Rights for Bad Weather Flight Delays or Cancellations

Flight Delays or Cancellations Due To Bad Weather

If your flight was delayed or canceled due to normal bad weather you may be entitled to compensation from the airlines under EC Regulation 261/2004

Flight Delays or Cancellations Due to Severe Weather

Bad weather conditions have an immense impact on safe flight operations. Airlines can thus deny compensation claims for flight delays or cancellations due to severe weather conditions since the safety factor obviously cannot be compromised.

However, usual weather conditions at any airport cannot be considered an “extraordinary” situation, thus cancellations or delays are not justified in such cases.

The airlines need to take the weather forecast into account before making flight schedules. In other words, they should prudently decide in advance whether they wish to allow the aircraft to fly to and from certain airports, given the weather conditions expected to be prevalent there.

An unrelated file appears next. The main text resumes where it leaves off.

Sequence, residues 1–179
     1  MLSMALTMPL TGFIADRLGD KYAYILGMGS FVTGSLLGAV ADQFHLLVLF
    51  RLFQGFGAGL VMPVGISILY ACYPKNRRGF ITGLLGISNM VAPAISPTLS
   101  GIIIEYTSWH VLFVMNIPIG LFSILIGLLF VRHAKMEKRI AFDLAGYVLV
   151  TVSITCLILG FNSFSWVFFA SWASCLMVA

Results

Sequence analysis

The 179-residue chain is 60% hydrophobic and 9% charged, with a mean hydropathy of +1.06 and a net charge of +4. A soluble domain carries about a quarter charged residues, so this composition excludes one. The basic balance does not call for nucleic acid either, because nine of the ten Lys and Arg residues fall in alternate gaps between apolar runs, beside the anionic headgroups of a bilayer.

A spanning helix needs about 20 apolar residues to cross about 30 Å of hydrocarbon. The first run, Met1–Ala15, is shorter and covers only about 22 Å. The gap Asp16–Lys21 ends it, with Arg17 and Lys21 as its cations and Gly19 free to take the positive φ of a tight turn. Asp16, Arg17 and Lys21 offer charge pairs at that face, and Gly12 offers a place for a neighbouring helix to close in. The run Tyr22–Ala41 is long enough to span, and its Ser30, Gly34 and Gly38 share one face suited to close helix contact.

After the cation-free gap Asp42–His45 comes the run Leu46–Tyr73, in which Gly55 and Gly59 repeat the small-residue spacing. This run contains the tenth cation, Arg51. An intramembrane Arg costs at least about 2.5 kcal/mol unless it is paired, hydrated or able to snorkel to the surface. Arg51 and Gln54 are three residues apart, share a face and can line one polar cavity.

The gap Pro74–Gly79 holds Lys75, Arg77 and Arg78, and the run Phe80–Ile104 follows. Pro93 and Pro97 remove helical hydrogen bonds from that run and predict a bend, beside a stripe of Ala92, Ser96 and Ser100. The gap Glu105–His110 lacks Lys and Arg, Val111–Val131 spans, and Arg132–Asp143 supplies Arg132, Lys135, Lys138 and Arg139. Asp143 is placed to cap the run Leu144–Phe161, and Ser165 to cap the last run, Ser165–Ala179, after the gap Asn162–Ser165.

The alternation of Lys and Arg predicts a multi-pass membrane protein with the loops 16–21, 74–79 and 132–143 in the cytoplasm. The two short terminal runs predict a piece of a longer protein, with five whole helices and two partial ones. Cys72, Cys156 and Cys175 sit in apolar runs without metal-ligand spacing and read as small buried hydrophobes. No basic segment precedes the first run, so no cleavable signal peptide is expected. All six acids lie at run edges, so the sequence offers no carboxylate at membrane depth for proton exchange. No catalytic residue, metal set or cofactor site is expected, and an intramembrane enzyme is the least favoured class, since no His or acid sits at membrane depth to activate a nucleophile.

Flight delays or cancellations due to bad weather occur when weather conditions make it unsafe to operate a flight. These can include conditions such as:

  • Thunderstorms
  • Snowstorms
  • Icing
  • Fog
  • Gale

Airlines have the responsibility to ensure the safety of their passengers and crew, so they will delay or cancel flights if they believe that the weather conditions are too dangerous to fly in.

The final judgement of extraordinary circumstances remains a grey area. The comprehensive overview of several court decisions and rulings on the matter can be referred to in ClaimFlights free database to have a vivid understanding of the complexities involved in the matter.

Ready to take off? Keep in mind, EU law might have your back with compensation for flight hiccups. Learn your rights today!

EU Air Passenger Rights in conformity with EC Regulation 261/2004